Clarke puts new curbs on sale of playing fields

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The Independent Online

Stricter curbs on the sale of school playing fields were announced by the Government yesterday. In future, any school wanting to sell off land will have to spend all the money from the deal on providing new outdoor sports facilities.

Stricter curbs on the sale of school playing fields were announced by the Government yesterday. In future, any school wanting to sell off land will have to spend all the money from the deal on providing new outdoor sports facilities.

In addition, they will have to convince ministers they have exhausted all other sources of revenue to provide the facilities - and that no other school's sports activities are threatened.

The move is the start of a major drive by the Government to improve school sports. Ministers have set a target of every pupil receiving at least two hours of PE during the school day by 2006. Latest figures show only 62 per cent do.

Charles Clarke, the Secretary of State for Education, said that he would also like to see more sports activities arranged in the evenings and on Saturday mornings. Speaking at Langdon school in Newham, east London, one of the Government's new specialist sports colleges, he said ministers had "stemmed the tide" on playing field sales with legislation in 1998 ensuring every application came before them. Last year there were 17 applications - nine of which were approved.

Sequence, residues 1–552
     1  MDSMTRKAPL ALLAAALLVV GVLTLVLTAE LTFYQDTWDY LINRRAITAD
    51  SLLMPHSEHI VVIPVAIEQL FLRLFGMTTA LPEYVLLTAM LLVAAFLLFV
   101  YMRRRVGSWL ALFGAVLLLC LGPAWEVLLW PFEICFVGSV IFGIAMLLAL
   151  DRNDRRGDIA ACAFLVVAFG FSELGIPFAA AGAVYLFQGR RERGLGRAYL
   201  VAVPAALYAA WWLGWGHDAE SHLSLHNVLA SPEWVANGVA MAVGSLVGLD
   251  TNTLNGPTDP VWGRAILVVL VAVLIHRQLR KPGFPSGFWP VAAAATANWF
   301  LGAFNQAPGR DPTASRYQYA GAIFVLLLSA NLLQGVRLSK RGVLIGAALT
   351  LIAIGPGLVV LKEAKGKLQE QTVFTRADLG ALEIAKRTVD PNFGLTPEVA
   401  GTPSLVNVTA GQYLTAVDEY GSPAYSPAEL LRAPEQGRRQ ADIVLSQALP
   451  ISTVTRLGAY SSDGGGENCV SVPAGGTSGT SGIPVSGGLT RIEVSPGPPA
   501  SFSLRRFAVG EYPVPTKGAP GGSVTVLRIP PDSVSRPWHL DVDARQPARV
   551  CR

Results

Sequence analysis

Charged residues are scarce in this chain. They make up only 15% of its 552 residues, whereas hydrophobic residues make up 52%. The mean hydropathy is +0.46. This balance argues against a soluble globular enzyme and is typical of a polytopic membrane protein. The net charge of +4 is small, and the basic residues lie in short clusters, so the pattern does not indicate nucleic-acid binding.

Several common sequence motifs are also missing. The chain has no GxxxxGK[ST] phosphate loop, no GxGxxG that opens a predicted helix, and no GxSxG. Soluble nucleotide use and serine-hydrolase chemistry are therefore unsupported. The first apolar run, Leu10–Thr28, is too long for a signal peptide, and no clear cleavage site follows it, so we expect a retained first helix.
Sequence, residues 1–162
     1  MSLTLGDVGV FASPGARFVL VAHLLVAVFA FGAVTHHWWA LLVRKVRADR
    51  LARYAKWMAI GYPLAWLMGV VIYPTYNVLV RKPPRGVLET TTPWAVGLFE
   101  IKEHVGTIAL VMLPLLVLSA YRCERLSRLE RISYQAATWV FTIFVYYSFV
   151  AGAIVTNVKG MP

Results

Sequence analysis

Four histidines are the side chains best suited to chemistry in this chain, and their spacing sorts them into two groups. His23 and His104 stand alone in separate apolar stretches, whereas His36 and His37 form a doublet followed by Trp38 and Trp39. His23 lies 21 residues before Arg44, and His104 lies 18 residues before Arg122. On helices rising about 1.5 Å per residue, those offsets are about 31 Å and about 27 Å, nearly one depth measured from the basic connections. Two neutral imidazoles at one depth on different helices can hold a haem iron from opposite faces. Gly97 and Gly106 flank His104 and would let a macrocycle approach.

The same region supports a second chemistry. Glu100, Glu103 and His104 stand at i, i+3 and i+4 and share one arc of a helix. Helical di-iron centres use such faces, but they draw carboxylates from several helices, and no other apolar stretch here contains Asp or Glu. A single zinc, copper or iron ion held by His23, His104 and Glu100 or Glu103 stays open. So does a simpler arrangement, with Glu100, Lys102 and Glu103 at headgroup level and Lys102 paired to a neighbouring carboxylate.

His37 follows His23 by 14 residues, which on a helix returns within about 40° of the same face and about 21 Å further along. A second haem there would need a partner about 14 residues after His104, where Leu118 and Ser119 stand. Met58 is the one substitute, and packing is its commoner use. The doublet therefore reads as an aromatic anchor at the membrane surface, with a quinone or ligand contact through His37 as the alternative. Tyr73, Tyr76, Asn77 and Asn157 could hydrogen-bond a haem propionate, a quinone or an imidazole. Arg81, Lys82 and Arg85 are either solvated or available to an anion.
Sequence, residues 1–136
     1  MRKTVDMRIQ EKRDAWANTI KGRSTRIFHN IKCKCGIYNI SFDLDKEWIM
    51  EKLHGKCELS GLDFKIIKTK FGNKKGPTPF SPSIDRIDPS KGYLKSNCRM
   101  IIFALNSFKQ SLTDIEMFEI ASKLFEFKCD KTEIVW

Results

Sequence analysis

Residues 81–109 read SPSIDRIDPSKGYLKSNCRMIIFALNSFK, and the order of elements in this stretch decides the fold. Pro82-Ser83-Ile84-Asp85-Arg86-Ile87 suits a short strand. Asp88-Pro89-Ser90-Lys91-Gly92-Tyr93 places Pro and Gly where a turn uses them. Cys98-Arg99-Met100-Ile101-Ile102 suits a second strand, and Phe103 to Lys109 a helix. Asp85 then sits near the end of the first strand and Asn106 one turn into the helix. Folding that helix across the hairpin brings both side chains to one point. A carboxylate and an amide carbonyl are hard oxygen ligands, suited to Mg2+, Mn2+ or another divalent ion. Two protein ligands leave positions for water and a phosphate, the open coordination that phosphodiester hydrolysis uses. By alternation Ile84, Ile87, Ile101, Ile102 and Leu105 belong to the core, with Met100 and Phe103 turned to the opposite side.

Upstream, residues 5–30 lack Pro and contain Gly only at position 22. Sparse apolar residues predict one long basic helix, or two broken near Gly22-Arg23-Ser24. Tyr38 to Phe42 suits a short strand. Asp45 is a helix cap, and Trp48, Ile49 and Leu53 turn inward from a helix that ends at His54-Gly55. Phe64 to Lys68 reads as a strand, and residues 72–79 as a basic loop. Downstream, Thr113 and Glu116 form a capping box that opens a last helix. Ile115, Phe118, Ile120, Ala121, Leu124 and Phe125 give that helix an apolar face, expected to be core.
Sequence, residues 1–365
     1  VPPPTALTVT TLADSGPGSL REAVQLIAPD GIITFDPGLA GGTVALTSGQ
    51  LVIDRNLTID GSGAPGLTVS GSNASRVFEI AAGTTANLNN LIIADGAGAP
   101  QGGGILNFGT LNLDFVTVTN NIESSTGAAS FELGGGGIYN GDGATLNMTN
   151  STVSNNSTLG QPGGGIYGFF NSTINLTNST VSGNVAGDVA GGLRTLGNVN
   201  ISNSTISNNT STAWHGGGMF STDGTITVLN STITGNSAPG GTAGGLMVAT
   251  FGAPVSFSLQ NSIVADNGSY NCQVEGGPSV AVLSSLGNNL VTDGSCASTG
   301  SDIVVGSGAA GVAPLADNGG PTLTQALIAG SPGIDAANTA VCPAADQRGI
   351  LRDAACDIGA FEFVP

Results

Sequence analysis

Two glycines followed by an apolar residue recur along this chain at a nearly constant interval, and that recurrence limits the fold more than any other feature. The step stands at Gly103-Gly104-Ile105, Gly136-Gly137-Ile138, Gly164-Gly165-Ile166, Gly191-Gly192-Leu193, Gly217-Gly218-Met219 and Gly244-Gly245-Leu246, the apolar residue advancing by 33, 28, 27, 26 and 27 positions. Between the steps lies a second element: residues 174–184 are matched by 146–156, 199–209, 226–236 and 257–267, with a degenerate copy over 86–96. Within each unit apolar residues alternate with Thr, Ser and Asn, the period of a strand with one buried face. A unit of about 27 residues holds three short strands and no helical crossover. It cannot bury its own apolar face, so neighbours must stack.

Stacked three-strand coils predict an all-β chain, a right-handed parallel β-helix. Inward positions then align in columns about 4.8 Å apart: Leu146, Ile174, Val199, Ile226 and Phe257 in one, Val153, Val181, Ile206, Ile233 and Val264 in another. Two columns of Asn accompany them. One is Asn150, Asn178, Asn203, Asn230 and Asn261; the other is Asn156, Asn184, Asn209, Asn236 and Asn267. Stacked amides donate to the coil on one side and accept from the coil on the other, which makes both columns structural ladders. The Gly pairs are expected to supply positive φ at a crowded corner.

Mr Clarke also said yesterday that he was sympathetic to the idea of reforming A-levels to make it easier for universities to spot the brightest candidates - 22.4 per cent of scripts were awarded A grades this year. However, he said he would await the report from Mike Tomlinson, the former chief inspector of schools who is heading a government inquiry into exam reform, in October.

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